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A new Urban Institute study shows that for one city, property values in above- and below-median-income areas rose slightly when affordable housing was built nearby.
Stable, affordable housing can benefit people with low incomes while also boosting local economies, according to a new report from the Urban Institute.
Alexandria, Virginia, a city of about 158,000 residents in the Washington, D.C. area, lost 78% of its market-rate affordable units between 2000 and 2020, according to the study. The group predicts that the city will need an additional 13,600 housing units to accommodate household growth from 2015 to 2030, mostly for middle- and low-income households.
Affordable housing can reduce homelessness, lift people out of poverty, improve health outcomes and youth educational outcomes, long-term earnings and reduce the possibility of adult incarceration, the report states.
Regardless of the benefits, property owners who live near proposed affordable housing developments often oppose the projects, and homeowners in Alexandria were no different, according to the report. Residents there worried the affordable housing developments would depreciate the values of their homes.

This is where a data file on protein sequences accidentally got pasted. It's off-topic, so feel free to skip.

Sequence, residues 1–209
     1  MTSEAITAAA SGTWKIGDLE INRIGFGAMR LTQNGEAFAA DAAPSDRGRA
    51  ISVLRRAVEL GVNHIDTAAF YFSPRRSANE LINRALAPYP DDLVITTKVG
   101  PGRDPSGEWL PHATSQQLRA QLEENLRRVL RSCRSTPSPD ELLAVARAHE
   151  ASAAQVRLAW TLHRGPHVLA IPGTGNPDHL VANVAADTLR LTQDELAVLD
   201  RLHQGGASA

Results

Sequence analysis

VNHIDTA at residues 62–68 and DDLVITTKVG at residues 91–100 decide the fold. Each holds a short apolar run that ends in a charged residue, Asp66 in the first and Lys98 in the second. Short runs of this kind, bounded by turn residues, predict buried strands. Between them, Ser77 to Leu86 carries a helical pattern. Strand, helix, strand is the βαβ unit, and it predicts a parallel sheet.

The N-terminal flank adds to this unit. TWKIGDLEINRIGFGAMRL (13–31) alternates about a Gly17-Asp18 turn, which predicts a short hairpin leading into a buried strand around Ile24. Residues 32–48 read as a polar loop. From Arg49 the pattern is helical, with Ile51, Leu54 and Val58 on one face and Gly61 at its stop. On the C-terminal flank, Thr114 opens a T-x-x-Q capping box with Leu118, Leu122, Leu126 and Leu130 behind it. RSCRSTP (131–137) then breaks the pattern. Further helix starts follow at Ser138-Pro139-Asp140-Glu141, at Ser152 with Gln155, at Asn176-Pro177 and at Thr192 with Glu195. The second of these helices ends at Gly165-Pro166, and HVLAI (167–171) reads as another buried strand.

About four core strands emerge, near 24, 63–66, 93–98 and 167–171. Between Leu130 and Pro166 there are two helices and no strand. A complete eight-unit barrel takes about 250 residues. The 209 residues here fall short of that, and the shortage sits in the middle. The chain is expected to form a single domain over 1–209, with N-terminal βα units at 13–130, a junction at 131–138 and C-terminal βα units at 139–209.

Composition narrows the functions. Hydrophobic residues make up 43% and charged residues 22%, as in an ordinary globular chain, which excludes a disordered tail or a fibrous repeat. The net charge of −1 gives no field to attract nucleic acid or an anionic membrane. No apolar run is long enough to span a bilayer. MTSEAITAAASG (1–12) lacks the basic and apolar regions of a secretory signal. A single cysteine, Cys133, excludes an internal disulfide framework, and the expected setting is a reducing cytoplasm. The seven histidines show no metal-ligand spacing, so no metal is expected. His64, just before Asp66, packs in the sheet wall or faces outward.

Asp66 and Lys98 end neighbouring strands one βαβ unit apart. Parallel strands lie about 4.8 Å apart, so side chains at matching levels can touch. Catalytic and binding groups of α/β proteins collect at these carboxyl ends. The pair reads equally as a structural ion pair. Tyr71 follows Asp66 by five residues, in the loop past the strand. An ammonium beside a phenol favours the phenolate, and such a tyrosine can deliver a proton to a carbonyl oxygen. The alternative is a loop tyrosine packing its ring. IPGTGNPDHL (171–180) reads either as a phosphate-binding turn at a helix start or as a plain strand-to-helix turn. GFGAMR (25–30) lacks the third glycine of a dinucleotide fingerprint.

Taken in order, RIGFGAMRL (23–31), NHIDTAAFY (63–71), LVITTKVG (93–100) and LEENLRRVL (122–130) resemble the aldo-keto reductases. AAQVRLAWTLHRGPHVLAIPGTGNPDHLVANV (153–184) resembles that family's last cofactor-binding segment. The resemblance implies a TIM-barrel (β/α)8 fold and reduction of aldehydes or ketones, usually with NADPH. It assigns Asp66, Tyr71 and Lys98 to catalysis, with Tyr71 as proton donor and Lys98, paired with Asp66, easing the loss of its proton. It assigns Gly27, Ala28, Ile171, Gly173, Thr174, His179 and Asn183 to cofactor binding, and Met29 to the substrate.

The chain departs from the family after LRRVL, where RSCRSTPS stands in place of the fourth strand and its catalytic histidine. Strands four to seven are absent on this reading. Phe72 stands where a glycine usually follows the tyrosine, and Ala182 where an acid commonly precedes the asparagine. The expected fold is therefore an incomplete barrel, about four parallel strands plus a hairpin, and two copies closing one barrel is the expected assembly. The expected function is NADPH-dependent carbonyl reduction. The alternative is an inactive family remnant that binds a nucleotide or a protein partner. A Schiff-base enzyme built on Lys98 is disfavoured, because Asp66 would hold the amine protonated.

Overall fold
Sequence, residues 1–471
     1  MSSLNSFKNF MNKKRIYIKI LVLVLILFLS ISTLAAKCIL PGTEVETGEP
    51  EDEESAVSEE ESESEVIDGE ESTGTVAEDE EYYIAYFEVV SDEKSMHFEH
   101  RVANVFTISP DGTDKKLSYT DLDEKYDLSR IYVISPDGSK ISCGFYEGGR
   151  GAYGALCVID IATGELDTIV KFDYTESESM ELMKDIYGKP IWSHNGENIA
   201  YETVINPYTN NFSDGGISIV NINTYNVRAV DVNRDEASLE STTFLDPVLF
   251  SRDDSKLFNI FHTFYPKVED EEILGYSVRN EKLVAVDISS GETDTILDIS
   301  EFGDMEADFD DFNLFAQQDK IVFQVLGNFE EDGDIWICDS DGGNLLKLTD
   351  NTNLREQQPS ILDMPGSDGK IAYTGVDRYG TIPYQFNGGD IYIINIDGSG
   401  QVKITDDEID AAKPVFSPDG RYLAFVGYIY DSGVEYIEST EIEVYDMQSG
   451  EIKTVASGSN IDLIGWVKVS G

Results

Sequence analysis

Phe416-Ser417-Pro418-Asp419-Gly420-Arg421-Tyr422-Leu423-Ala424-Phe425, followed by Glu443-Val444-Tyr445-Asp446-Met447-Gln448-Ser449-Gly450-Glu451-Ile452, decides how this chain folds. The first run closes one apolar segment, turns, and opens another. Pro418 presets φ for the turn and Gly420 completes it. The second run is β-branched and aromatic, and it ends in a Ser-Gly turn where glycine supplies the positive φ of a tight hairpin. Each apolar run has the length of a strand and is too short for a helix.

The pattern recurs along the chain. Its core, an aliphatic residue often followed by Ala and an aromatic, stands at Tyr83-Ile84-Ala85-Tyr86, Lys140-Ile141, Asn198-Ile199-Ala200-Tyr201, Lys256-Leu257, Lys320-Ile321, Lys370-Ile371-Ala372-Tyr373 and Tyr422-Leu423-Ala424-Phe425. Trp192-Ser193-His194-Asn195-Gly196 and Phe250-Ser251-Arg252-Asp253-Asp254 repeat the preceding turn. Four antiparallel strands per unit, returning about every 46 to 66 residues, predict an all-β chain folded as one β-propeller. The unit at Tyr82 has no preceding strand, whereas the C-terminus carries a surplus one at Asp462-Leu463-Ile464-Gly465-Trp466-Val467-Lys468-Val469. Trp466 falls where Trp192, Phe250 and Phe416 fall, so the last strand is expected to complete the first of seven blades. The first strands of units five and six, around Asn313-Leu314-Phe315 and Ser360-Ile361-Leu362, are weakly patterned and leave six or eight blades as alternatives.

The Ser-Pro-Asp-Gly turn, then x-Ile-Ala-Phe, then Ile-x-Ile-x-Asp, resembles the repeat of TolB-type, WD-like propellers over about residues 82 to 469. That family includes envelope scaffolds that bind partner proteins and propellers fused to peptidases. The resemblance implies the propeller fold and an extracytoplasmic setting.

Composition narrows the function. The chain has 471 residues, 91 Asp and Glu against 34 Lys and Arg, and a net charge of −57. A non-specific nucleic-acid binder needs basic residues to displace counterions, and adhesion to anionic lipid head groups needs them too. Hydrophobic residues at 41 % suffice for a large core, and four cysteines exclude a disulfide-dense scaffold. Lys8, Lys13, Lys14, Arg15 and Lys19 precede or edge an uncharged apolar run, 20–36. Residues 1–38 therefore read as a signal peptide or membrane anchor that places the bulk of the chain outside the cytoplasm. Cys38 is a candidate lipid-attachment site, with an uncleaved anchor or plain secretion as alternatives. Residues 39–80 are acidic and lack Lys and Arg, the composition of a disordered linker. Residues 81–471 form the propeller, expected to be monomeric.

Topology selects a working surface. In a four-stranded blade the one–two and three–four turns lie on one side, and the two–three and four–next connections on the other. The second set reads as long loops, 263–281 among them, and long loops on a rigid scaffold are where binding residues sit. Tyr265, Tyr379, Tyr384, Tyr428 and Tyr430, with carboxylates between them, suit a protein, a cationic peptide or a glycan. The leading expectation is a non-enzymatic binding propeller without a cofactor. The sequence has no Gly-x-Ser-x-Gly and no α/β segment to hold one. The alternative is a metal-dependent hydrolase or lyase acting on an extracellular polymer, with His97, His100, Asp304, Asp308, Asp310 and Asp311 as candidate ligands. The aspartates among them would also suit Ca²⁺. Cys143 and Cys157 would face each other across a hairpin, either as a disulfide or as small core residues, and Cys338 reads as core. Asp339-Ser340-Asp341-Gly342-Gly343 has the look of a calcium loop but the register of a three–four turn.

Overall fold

The Urban Institute found that affordable housing units in Alexandria helped increase property values of homes located within one-sixteenths of a mile of a development. The study showed that affordable housing units in above-median-income census tracts increased in value by 0.06% and in below-median-income tracts by 0.17%.This is contrary to prior findings that show affordable housing in high-income neighborhoods reduces nearby property values, the report says.
The reason individuals often oppose affordable housing developments is their perception that they will lower nearby property values, the report says. However, the analysis of Alexandria shows that affordable housing developments have a small but statistically significant increase in value of nearby homes.
The Urban Institute's analysis uses an analytic sample that includes properties sold multiple times between 2000 and 2020 within and outside Alexandria that were also within 1 mile of an affordable housing development.
For more information from the Urban Institute report click here.
Andre Claudio is an assistant editor at Route Fifty.